[Challenging Times] -(18)- Finding Peace - Diane Shoshin Fitzgerald

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  • Jundo
    Treeleaf Founder and Priest
    • Apr 2006
    • 39205

    [Challenging Times] -(18)- Finding Peace - Diane Shoshin Fitzgerald

    We are at page 196 in the book ...

    A fitting topic for this week, sadly and once again: Peace in a world of war, as well as a variety of other crises such as Global Warming, political divides, the Opiod crisis in America.

    I like the "bait and switch" she confesses!

    This is a essay to help you find peace ... but not in the ways one may first expect.

    I am pleased to report that Rev. Fitzgerald may come as a Guest Teacher to Treeleaf sometime in the early New Year.


    For those who do not yet have a copy, I have made a PDF version available here for those waiting for their ordered book, or those unable to afford or obtain the book (second half of the book):https://drive.google.com/file/d/1yQV...usp=share_link

    Feel free to jump into the readings and discussion even if you have not read other chapters.

    Gassho, Jundo

    stlah
    Last edited by Jundo; 10-17-2023, 01:01 AM.
    ALL OF LIFE IS OUR TEMPLE
  • Onkai
    Treeleaf Unsui
    • Aug 2015
    • 2830

    #2
    This was a beautiful essay. Nothing we expect is quite like we expect it to be, including inner peace. I appreciate how Sensei Shosin connects inner peace with not knowing, with "beginner's mind," and how being fully awake is the antidote to divisions.

    Gassho, Onkai
    Sat lah
    美道 Bidou Beautiful Way
    恩海 Onkai Merciful/Kind Ocean

    I have a lot to learn; take anything I say that sounds like teaching with a grain of salt.

    Comment

    • Hōzan
      Member
      • Dec 2022
      • 411

      #3
      Yes, yet another great essay.
      I found it to be a short and sweet summary of the essence of zen; by seeing emptiness you develop equanimity.
      It demands that a person reframes his/her problem and chose a radical, yet tried and true solution.

      Gassho, Michael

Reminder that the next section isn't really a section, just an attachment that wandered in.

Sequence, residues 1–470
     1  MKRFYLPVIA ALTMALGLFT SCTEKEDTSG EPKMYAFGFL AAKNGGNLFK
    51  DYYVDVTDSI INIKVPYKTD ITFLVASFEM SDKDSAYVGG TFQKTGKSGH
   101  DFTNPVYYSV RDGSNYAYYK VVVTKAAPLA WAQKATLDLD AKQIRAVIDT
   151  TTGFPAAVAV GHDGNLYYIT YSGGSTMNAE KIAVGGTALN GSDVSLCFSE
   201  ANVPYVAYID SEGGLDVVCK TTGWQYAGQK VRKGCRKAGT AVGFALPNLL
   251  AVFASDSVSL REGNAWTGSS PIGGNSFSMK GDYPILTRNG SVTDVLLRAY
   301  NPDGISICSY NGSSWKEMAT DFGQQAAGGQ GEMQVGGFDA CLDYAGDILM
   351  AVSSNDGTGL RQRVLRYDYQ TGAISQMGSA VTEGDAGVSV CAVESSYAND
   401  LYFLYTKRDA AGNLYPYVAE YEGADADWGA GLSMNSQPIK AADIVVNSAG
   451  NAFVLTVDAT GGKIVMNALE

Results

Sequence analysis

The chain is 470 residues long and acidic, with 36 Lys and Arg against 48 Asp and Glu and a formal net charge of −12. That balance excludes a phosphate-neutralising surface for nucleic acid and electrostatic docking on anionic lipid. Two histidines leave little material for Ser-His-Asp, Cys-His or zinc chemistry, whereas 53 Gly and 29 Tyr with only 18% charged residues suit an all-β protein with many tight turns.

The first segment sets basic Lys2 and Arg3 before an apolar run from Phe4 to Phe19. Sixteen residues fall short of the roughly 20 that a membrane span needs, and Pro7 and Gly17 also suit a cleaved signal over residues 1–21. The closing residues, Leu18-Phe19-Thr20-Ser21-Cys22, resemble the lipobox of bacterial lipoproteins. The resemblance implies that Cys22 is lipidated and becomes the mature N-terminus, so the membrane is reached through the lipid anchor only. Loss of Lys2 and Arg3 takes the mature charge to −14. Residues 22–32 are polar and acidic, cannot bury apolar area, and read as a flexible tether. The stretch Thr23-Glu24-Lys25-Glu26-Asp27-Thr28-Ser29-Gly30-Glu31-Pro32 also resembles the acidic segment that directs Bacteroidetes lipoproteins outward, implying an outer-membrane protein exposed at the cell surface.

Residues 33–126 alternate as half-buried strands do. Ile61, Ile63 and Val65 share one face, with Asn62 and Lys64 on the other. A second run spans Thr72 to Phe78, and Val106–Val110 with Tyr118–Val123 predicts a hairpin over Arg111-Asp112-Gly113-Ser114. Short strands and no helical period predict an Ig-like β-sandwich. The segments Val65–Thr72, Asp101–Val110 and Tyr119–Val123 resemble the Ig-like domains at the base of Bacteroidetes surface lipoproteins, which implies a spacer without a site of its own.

Satlah

      Comment

      • Tairin
        Member
        • Feb 2016
        • 2725

        #4
        What a wonderful essay and so very timely.

        Our longing can be just as sincere when we first encounter Zen. We envision a technique we might master to deliver us from our inner turmoil and outer conflict, imagining ourselves as that serene, robe-clad figure sitting silently in the light of the full moon as pictured in a Zen centre's flyer.

        So, then, what does Zen offer as an alternative? Zen practice invites us to entertain the possibility that peace may not look the way we imagine it.
        This section of the essay touched on a key part of my Zen path. Yup, no question I came to Zen with a goal in mind. What I encountered is what is best described as a paradigm shift. What I imagined and what I found are different in ways that would be hard to explain but I think most everyone here understands.


        Tairin
        Sat today and lah
        泰林 - Tai Rin - Peaceful Woods

        Comment

        • Heikyo
          Member
          • Dec 2014
          • 103

          #5
          Enjoyed this chapter. I can totally relate to the idea that undertaking zazen to achieve some goal is inherently dualistic. When I first started Zen practice this was something that I had to 'unlearn' from other Buddhist traditions that were very goal-oriented. I think this quote sums it up nicely:

          Zen practice invites us to entertain the possibility that peace may not look like the way we imagine it. Instead of trying to create a self that feels and acts more peaceful, Zen asks us to abandon our conception of a self at peace and consider the much more radical possibility that there may be no self that needs to find peace.
          Another idea that resonated was deepening the feeling of 'no-self' by immersion in nature from time to time (but remembering that peace needs to be cultivated within the everyday world as well):

          The natural world offers us a chance to transcend our illusion of separateness and come to understand something about our lives that we may not be able to articulate but which we fell most deeply.
          Gassho
          Heikyo
          Sat today, LAH

          Comment

          • Alina
            Member
            • Jul 2023
            • 141

            #6
            It took me some time to finish reading this essay because of how timely it is. World news had hijacked me, I was shocked, outraged, terrified... so I wanted it all to just go away, stop, enough already, it cannot be true, not again... and so on and on and on...

            But Shoshin Fitzgerald is right, like Heiko and Tairin have also mentioned,

            Zen practice invites us to entertain the possibility that peace may not look like the way we imagine it.
            Reading this essay in the context we are living in right now is helping me to move a little bit closer to actual acceptance of things as they are... it's a work in progress of course, the fear of what may come is still strong but I think I am slowly understanding a bit more why the Buddha's teaching is wisdom and compassion, both are necessary, 50/50, at all times. Not running away from "inner turmoil and outer conflict", but waking up to what is...


            Gassho,

            Alina
            ST + LAH

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